• - Analysis or interpretation of any diagnostic test (ie MRI, CTscan, Xray, etc)
    - Medical advice of any kind
    - Recommendations in terms of Medications, Treatments, Exercises, etc

What could be good for someone could spell disaster for another.
You should also consult your doctor to better understand your condition and the do’s and don’t’s.

It is very important that new members (or even seasoned members) provide others with details about their condition(s). It is virtually impossible to help another member when all the details we have are
I’ve had this for years, it hurts, I cant move my shoulder – what could this be, what treatment should I get?

Diagnosing spinal problems can be very difficult. In many ways its like a game of clue. Especially, when the diagnostic tests come back negative – no trouble found! Then its up to the patient and the doctor to start digging deeper. The doctor is like a detective. They need clues to help them move along. So, you as the patient need to provide the doctor with all sorts of clues. That is like it is here. Without having information about a condition, its impossible for anyone here to try to help.

Specific comments :
There is no one on these forums that is trained to provide you with medical advice. However, just reading some of what you wrote about the MRI, it sounds ok. You always want to look for three key words in any diagnostic report. MILD, MODERATE and SEVERE. Those words alone identify the situation

Personal Opinion, not medical advice :
Any time pain levels start to reach 8, you need to think about going to the ER. At that pain level, you really can not take care of yourself.

--- Ron DiLauro, Spine-Health System Moderator : 03/23/15 08:14 est


  • Lots of uses of the word minimal are encouraging.

    If you want to understand the report, you would be best booking an appointment with your GP and ask them to explain it all to you, face to face.

    Nobody here is qualified to do that.

    L5-S1 herniation. Both knee meniscus tear. L4-5 herniation - 2 x nerve block injections. L4-5 discectomy. L1-2 nerve block injection. L4-5 reherniation - TLIF fusion. 2016: L1-2 and L5-S1 retrolistheses and multiple facet joint degeneration.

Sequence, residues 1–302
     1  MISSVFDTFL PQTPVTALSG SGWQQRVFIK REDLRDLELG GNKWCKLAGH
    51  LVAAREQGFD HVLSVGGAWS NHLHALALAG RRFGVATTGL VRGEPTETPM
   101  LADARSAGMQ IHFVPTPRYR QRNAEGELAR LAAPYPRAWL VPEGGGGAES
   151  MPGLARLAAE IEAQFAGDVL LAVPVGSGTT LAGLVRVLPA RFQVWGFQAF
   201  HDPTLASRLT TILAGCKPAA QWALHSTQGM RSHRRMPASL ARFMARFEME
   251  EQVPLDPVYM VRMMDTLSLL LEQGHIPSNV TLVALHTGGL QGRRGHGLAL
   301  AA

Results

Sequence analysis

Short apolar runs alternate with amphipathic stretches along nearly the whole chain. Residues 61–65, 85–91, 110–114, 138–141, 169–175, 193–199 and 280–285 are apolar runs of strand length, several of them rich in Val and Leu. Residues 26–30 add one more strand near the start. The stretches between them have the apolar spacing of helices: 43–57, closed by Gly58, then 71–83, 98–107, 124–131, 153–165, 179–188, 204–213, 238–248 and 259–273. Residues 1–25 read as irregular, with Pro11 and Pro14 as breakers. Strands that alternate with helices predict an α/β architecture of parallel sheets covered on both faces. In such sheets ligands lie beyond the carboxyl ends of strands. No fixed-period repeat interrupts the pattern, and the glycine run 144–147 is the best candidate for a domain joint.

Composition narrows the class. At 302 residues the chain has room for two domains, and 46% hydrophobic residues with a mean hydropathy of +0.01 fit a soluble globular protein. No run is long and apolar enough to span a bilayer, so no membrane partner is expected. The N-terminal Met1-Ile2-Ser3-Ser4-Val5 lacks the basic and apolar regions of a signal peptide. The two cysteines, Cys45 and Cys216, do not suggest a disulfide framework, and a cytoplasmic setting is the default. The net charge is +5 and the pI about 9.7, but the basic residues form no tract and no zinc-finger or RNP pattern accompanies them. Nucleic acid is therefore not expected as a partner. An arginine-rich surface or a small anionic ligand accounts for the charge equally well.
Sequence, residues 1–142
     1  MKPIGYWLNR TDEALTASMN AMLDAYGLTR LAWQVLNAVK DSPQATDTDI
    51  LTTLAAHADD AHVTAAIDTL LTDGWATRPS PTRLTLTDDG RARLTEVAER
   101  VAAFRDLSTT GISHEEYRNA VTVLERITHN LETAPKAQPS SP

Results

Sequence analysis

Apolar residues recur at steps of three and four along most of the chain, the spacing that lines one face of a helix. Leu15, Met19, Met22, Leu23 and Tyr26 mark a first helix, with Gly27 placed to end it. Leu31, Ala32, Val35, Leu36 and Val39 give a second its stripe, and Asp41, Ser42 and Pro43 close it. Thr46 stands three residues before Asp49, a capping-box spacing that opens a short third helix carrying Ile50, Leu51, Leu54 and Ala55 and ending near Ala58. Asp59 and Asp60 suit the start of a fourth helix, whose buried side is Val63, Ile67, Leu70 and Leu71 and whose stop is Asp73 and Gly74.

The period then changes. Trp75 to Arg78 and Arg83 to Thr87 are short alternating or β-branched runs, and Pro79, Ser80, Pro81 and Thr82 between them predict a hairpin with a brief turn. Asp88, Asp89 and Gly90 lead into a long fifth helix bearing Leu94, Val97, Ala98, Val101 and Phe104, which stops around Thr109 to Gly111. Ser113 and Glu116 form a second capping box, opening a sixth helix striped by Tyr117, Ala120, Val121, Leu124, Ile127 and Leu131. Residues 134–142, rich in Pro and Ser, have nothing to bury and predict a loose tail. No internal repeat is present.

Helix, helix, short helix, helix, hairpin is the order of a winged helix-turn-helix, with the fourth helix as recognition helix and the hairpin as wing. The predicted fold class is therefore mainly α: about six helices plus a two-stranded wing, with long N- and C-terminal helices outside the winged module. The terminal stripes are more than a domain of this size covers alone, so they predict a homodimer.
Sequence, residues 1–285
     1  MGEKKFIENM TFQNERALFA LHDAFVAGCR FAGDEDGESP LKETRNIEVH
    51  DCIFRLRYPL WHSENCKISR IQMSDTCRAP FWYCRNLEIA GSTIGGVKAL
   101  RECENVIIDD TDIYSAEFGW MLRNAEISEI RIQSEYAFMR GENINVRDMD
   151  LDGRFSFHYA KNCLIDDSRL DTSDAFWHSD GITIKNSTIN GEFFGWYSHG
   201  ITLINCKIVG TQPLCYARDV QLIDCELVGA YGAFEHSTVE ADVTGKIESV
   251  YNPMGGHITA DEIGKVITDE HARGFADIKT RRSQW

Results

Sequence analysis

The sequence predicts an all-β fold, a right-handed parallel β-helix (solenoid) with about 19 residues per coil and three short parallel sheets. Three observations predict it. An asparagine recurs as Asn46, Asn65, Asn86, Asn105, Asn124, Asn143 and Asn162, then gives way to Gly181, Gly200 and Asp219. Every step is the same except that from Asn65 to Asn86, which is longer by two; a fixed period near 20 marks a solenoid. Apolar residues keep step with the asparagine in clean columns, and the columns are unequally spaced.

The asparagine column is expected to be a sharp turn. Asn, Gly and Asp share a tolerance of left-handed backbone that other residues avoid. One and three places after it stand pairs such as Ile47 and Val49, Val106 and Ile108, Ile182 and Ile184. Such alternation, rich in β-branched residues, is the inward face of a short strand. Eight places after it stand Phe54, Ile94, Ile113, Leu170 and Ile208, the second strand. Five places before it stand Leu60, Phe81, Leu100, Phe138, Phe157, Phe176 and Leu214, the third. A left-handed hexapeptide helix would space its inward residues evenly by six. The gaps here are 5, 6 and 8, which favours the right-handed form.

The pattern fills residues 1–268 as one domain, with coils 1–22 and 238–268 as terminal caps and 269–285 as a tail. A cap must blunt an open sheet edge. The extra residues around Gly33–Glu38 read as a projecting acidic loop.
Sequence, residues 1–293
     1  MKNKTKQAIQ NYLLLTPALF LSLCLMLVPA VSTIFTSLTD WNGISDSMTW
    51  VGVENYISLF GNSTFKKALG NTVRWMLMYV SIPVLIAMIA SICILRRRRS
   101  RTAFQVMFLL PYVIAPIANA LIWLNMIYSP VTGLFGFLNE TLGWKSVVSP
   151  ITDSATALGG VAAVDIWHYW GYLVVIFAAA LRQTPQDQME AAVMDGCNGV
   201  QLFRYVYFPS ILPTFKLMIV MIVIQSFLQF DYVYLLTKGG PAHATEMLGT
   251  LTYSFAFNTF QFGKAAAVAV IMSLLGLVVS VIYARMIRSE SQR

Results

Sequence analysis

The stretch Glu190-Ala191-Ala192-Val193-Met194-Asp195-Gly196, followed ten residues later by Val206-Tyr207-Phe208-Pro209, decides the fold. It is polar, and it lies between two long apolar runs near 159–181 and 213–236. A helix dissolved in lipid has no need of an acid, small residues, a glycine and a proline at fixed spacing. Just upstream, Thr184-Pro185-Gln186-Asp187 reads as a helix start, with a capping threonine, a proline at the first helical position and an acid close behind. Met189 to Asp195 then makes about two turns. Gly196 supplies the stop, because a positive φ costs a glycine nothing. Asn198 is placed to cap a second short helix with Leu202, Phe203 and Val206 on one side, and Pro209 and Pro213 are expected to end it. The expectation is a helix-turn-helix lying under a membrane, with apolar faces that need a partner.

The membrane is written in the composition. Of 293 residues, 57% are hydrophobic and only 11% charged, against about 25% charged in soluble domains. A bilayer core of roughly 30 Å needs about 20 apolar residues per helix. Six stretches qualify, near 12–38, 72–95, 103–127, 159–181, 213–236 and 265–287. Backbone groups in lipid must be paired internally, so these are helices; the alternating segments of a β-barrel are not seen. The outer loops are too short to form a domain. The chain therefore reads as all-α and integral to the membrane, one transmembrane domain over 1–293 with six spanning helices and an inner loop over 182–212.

• To Dave F and others with annular tear, I agree with the forum moderator. Re: going into the office, and getting the results face to face. Also, I've found it very helpful to have read the research, and developed a set of questions. Finally, with such back problems ( I have three annular tears, one severe lL 4-5), I have found it helpful to get several expert medical opinions, ie specialists in the area. Finally, the third specialist recommended against back surgery, which matched the literature in my case. So, I learned PT, and also medications, some supplements. I'm very glad as the pain has become manageable, and I recently my rheutologist discovered ( DNA tests, and others, ) that I have a genetic disease EDSIII. If I had had the recommended back surgery, the. results of such with my disease are abysmal. Also, with this I had injuries and intense pain,
    yet by consulting a Pain Management physician ( Anesthesiologist ) I found medication that is satisfactory.
    Also PT can work, but it will be a combination approach that usually gets best results. By the way, please don't walk around in level eight and above pain, not getting help. Why? I used to do that, sometimes working a full day or longer in very strong pain. Finally, the evaluating neurosurgeon hospitalized me to run some tests. While I was in, he showed me that my blood pressure ( usually low normal ) was almost two hundred over one sixty, AND climbing. He said you are going to have a stroke without pain control. I let him give me a pain shot, and thirt minutes later it was normal. So, I started combination treatment after that ( added medication to the PT, and supplements. ) My blood pressure is now low normal, which is normal for EDSIII. Please remember that there is hope, it just takes becoming more educated about your condition; seeing the right physicians, PTs,etc., and becoming your own advocate.